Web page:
English and New York law are used by lenders because of the long case law history – there would be huge risk for lenders to move to a different legal system. Following the introduction of the UK Debt Relief Act in 2010, lenders did not stop using English law. In fact, of bonds issued by countries covered by the Act since 2010, 90% use English law, and 10% New York – the same proportion as for lower income countries more generally.
The Treasury clam that legislation could have “unintended consequences” for “access to finance” is not based on any facts or research. This would not happen for the following reasons:
1) One of the legislative options we are calling for replicates the UK’s 2010 Debt Relief (Developing Countries) Act, but updates it to apply to the current G20 debt relief initiative (the 2010 Act applied to the debt relief initiative of the 2000s, which has now largely ended). This legislation requires private lenders to take part in debt relief agreed by the IMF and implemented by the G20, on the same terms as governmental lenders.
The UK Act did not lead to lenders providing less finance. In fact, in the 2010s loans by private lenders to the 36 countries covered by the Act increased from $3 billion between 2005 and 2009, to $24 billion between 2010 and 2014, and $41 billion between 2015 and 2019. A 2011 review of the Act by the Conservative-Liberal Democrat government found that “no evidence has been found of unintended or adverse effects” from the introduction of the Act.
2) The other legislative option we are calling for replicates existing English law for corporate debt restructurings. The existence of this legislation for corporate debt has not led to loans to corporations ending. Having clear systems for restructuring debt down to a sustainable level is a key part of our economic system, but it is an aberration that this only exists for corporate debt and not government debt.
3) The evidence from the IMF and ratings agencies such as Scope Ratings is that effective debt relief does not lead to lenders being unwilling to lend, but actually regains access to lending for countries in debt crisis. A problem for countries in debt crisis at the moment is that they cannot borrow more from private lenders, because those lenders are unwilling to lend to countries with unsustainable debts. But once debts have been reduced, the evidence is lenders are willing to lend again.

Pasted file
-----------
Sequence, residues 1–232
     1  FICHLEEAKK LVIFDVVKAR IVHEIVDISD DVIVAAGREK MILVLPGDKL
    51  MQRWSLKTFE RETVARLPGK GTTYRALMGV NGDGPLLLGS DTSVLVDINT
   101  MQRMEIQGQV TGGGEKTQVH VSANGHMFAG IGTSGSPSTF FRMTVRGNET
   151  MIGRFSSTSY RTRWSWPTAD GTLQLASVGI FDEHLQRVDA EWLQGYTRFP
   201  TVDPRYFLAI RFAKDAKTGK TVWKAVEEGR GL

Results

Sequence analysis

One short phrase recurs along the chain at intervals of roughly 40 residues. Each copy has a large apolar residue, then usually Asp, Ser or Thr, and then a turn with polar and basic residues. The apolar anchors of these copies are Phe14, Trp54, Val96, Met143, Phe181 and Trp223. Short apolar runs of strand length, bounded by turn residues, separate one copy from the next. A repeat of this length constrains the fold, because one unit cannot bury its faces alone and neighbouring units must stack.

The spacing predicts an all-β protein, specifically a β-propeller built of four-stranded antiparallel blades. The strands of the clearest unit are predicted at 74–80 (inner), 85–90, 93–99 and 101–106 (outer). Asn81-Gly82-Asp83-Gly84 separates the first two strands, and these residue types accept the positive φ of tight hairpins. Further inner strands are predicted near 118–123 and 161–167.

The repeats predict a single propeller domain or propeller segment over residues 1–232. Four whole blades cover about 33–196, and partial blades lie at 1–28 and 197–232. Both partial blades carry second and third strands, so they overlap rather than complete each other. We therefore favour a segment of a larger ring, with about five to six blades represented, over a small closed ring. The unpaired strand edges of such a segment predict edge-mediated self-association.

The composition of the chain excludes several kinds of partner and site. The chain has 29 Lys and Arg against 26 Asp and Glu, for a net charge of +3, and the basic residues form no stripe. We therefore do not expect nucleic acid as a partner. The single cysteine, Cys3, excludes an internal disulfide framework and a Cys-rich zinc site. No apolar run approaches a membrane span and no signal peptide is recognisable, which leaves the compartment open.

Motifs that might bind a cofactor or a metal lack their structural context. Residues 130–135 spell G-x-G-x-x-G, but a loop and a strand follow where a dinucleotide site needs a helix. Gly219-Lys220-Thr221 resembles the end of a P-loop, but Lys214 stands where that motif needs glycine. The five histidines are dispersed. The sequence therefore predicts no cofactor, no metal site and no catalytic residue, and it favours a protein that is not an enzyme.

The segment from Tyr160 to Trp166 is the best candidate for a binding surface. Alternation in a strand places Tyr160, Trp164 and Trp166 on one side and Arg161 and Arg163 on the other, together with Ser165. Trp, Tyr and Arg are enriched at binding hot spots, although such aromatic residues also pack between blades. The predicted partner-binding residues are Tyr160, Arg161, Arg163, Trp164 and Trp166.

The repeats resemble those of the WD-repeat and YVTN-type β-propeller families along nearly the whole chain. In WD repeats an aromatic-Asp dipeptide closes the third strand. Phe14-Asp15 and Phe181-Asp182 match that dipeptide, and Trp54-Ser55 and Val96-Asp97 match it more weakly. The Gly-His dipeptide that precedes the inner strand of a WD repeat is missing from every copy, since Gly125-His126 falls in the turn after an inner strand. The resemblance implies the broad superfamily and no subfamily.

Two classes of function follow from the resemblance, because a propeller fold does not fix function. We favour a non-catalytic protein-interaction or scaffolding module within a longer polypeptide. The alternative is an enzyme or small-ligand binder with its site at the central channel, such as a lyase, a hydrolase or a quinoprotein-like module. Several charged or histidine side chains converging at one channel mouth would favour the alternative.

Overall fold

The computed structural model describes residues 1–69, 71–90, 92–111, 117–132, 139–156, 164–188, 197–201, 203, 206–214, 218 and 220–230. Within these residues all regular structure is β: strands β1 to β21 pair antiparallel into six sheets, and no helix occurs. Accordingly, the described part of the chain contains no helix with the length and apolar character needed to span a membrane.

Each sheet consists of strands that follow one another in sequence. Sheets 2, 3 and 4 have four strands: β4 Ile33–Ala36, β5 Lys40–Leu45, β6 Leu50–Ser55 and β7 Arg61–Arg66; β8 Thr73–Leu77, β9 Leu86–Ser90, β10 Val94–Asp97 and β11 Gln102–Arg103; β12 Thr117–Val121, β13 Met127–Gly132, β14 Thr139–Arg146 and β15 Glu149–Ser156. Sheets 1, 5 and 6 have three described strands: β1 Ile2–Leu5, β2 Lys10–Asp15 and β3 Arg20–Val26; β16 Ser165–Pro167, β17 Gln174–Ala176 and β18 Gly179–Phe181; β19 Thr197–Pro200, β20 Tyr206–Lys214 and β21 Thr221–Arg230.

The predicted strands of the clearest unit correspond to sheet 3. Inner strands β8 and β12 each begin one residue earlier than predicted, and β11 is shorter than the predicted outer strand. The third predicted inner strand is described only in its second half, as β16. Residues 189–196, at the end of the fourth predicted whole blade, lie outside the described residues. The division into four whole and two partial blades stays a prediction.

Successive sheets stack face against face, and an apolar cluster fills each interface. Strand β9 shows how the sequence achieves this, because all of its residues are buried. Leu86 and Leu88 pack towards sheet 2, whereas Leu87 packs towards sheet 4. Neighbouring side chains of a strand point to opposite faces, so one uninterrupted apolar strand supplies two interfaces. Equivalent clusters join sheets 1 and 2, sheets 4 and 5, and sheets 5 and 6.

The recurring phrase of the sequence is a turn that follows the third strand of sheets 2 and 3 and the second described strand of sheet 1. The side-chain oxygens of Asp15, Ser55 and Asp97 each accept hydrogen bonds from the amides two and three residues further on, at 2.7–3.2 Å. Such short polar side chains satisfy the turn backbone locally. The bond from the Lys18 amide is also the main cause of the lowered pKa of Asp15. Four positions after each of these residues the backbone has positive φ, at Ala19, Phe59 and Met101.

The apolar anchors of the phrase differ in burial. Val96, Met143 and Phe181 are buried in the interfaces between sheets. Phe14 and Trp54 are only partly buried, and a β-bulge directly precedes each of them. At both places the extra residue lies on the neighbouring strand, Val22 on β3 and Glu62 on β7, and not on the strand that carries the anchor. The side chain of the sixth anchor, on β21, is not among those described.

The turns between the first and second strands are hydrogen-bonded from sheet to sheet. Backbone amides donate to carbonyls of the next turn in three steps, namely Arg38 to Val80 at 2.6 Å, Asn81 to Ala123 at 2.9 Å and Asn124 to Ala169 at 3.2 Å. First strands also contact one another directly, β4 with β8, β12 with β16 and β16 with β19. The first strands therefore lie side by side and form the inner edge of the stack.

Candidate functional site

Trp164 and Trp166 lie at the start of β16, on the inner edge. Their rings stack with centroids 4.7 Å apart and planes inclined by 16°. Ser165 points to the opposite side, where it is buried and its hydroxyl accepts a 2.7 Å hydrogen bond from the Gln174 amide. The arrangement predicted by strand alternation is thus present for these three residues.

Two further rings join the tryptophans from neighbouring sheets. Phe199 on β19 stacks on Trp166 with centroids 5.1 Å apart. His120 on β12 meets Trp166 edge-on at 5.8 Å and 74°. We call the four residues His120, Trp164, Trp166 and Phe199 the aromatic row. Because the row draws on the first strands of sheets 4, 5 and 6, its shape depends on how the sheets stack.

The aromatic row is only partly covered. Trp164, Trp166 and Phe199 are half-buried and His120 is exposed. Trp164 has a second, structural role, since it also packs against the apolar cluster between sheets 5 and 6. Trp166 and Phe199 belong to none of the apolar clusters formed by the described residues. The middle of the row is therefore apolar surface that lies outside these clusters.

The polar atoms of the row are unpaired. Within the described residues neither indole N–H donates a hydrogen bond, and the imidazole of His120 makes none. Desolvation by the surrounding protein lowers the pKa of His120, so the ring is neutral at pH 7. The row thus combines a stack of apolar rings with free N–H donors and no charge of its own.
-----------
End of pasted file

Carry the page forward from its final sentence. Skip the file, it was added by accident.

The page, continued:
Scope Ratings has said: “If an economy’s debt sustainability is adequately enhanced via public and private sector debt relief, this could support stronger market access and lower borrowing rates longer term, and with this, potentially a stronger credit rating long term.”I
This has continually been seen in individual cases such as Argentina, Greece and the 36 lower income countries which had significant debt cancelled in the 2000s.
The IMF has said:
“debt restructurings have often been too little and too late, thus failing to re-establish debt sustainability and market access [new loans from private lenders] in a durable way”
ie, it is the absence of effective debt relief mechanisms which is preventing new lending from taking place.
4) Current debt crises in lower income countries have been driven by excessive high interest lending. The current system where private lenders can avoid debt relief, and get bailed out when debt problems arise, incentivises them to continue to act recklessly. Instead, if a clear system existed for them to be included in debt restructuring, it would incentivise them to lend more responsibly. More responsible lending would help prevent future debt crises and ensure the money that is lent is well used. The IMF has found this has not been the case with recent loans:
“Access to international [debt] markets has often coincided with worsening debt dynamics and greater vulnerabilities … [for] 20 countries that accessed international bond markets for the first time after 2005, [their] debt service to revenue ratios rose consistently… This is to be expected but growth rates in the five years afterwards have typically not picked up, contributing to weaker internal debt dynamics.”
Our proposed legislation would not stop private lenders giving new loans. But it would incentivise them to be more responsible, and so help to prevent debt crises in the future.
What they say: “The Government’s position is in line with a paper that the International Monetary Fund wrote in 2020, which concluded that the market-based approach has generally functioned well in recent years, most notably since the introduction of enhanced Collective Action Clauses in private bonded debt.”
What we say: The IMF is governed by rich country governments, so has a vested interest in protecting rich country creditors, such as banks and hedge funds. However, the IMF does not regard the system for debt relief as working well and has repeatedly over recent years said that debt restructurings happen too late and cut debt by too little. They have also specifically called for legislation to help borrowers negotiate debt relief with private lenders.